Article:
This is a Bill which I think the House not only can deal with, but ought to deal with. The site is one which is known to every Member of the House, and the conditions of life around it are also well known. That being so, it enables us to deal with this proposal as we dealt with the Westminster Improvement proposal. The House ought to intervene in dealing with this Bill, and ought not to allow it to go to a Committee, because if it passes through this House we should shortly have the county council asking to use the roads of the west of London, and under these circumstances it becomes the duty of the House to deal with the matter at once. I do not propose to recapitulate the arguments which were so well brought forward by the honourable Member for Marylebone. In my opinion, he made out an overwhelming case against this Bill, and I am hopeful that the House will throw it out to-day with a majority as emphatic as that which rejected the Bill a few days ago. Assuming that there is a need for bringing the tramways across the bridge, then, without doubt, the direction that they should take would not be along the Victoria Embankment, but round Parliament Square, along Victoria Street to Victoria Station, turning off to the right along the new road which we are about to construct along Whitehall, taking passengers from the south of London to Trafalgar Square, and the shop girls—for whom the honourable Member opposite speaks—to their shops in. Regent Street and Piccadilly Circus. There is not a single road throughout the whole length and breadth of London better served than the Thames Embankment in the matter of traffic. Anybody who wishes to go from Westminster Bridge to Blackfriars would never dream of travelling along the Embankment in an omnibus or tramway, whilst they had the Underground Railway at their disposal. The fact of the matter is that anyone who has watched the traffic over Westminster Bridge as I have done for 20 years will find that it does not bear off to the east—it goes more or less westward, or uses the Westminster Bridge Station of the Underground line. What will happen if the trams are brought across Westminster Bridge? It is said that will not be a terminus; but I say that of necessity it will be a permanent stopping place for everybody that comes across, if it is to be any good at all. Every tramcar crossing the bridge will have to stop at the foot of the bridge, and those who are familiar with the permanent stopping places of trams know what that means. These will be horse-drawn cars, and there will be mess and filth and stench all day long right at our very front door. The House will recollect that, when we were passing a Bill dealing with motor-car traffic, one of the arguments was that it would minimise the amount of horse traffic in London. I have often opportunities for watching what is transpiring at tramway stopping places, and it is my experience of what occurs at them which determines me in opposing the creation of one here at our own very doors. Those who desire to cross Westminster Bridge under cover can avail themselves of omnibuses crossing there, without adding to the disfigurement of Westminster by putting a tramway line down. There is one argument which has not been referred to. If it be assumed that this Bill is opposed in the interests of well-to-do journalists and Conservative coachmen, then the honourable Member who thinks that has quite mistaken the position. This is one of the very few Bills that have come before the House as to which deputations of working men have come here opposing the passing of the Bill, and I refer to a class of working man whose comfort desires consideration—those who have to spend their whole working day in the Strand and Fleet Street. Let honourable Members go down the Strand or Fleet Street and see the hundreds of young men having their luncheons under uncomfortable conditions—standing at public-house bars, and so on—and then watch them as they go to the Thames Embankment for fresh air—the only place where they can secure an hour's quietude, an hour's comfort. I do not refer to the well-to-do journalist, who can take refuge in his club, but to the man who has had to labour at his desk all day long; and it is he who cornea to the Lobby and asks his Member to vote against this Bill, because his chance of getting a little tranquillity during the day will be destroyed by the traffic which will pass along the Embankment. If I am asked for evidence as to what representatives of the Press think of this scheme, I can only say that out of their own contributions they have provided a fund for petitioning against the passing of this Measure, because it is a well-recognised place of resort for those seeking peace and quietness. Those who have had any experience of the Strand and Fleet Street know that it is a common practice to gravitate to one of the finest promenades that London possesses—a promenade which this Bill proposes to spoil. Reference has been made to replacing the macadamised road by a wood pavement, but my opinion is that if the London County Council once gets a line along there for their trams there will be no wood paving. The experience of other places will be repeated, and we shall find the macadamised road turned into a hard, noisy stone paving, not only resulting in the destruction of the Embankment from an aesthetic point of view, but resulting also in ceaseless noise and constant turmoil. If there is not to be ceaseless noise and constant turmoil, then that is a clear argument that the line is altogether unnecessary; for, if it be necessary, it will be used all day long. The passing of this Bill will not only result in spoiling the site immediately opposite this House, it will not merely be destructive of the approaches to the river, but it will prove to be the thin edge of the wedge, and a thin end that the House ought to very closely watch. If you once get lines across the bridge, then, in twelve months, we shall have a further Bill for taking them along Victoria Street, Whitehall, the Strand, and some of the finest thoroughfares that London possesses will be utterly destroyed. We have here near to us the two ends of two magnificent thoroughfares—Victoria Embankment and Chelsea Embankment. In a few years we may hope to see them united, and I most sincerely hope that we shall not be taking the step we are asked to to-day, and, running a tramway along the Embankment, spoil that prospect for ever. The traffic along there and over Westminster Bridge can well be met by omnibuses without this needless and vexatious line being made. I trust that we shall without hesitation reject this Bill, and I feed quite certain that if that is dons my London friends will be heartily glad to find that the House of Commons has set its face against it.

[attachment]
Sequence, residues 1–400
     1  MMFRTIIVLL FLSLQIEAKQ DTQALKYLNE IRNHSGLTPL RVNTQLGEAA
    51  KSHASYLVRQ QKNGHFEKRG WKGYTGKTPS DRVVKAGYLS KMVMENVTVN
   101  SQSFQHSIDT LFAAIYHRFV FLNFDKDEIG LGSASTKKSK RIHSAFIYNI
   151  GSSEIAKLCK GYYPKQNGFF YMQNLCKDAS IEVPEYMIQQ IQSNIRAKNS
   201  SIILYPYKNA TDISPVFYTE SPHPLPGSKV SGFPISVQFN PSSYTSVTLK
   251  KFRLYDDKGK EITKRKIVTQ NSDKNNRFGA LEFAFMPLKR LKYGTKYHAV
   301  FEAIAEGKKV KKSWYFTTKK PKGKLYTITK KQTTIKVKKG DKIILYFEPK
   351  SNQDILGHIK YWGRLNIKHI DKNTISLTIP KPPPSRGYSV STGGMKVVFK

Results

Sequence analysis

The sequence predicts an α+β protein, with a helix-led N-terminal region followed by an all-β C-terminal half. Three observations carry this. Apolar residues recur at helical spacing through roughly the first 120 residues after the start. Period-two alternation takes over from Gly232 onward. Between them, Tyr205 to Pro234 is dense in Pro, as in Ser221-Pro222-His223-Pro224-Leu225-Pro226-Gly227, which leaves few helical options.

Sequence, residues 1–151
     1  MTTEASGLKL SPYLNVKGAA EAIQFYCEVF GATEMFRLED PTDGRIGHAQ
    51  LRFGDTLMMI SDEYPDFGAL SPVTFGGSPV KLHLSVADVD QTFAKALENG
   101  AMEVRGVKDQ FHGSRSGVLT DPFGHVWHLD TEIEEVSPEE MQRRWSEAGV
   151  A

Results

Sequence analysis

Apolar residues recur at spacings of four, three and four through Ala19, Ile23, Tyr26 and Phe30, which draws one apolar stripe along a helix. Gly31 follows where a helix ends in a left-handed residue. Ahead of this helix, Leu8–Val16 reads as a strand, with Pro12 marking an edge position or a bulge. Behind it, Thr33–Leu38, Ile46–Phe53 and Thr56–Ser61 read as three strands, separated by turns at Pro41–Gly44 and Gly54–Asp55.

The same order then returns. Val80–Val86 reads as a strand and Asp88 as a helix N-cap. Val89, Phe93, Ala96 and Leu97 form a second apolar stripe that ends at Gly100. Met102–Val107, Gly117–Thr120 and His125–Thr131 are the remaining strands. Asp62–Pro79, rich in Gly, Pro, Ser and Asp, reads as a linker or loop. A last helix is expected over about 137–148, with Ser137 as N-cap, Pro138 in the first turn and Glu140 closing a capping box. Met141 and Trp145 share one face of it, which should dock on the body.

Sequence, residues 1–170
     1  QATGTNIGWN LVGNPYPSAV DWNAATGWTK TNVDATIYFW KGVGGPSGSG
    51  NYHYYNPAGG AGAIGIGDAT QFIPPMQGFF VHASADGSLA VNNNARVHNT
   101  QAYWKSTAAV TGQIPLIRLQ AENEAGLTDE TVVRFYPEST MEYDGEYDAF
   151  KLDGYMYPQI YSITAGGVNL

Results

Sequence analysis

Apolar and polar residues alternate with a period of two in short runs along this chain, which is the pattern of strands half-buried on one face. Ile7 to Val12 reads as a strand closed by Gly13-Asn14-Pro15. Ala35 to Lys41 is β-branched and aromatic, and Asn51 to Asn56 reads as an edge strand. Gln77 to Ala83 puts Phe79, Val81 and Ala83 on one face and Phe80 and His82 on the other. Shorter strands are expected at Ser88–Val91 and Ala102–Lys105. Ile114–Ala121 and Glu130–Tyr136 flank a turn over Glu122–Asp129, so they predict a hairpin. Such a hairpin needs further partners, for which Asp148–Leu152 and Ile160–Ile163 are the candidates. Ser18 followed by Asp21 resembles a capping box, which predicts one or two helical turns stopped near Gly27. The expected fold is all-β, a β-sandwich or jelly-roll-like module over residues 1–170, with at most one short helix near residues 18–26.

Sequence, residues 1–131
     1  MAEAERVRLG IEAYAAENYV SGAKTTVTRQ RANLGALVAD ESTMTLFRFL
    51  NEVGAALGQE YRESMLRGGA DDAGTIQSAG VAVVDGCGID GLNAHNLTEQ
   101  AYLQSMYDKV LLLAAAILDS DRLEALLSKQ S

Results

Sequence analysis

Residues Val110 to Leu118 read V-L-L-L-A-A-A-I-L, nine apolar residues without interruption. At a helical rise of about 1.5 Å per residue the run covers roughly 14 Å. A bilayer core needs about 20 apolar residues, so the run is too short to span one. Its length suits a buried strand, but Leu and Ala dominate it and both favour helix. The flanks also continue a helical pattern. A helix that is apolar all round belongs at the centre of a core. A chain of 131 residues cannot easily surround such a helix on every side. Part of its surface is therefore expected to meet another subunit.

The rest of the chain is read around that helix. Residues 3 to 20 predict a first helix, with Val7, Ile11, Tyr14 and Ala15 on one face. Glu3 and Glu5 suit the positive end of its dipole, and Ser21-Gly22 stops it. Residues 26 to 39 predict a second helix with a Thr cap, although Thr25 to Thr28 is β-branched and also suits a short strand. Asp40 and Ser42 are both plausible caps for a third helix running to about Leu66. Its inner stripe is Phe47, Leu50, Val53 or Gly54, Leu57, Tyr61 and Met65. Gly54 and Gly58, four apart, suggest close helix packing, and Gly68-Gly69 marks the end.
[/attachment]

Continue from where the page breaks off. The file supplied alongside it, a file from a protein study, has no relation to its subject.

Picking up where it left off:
MR. T. P. O'CONNOR (Liverpool, Scotland)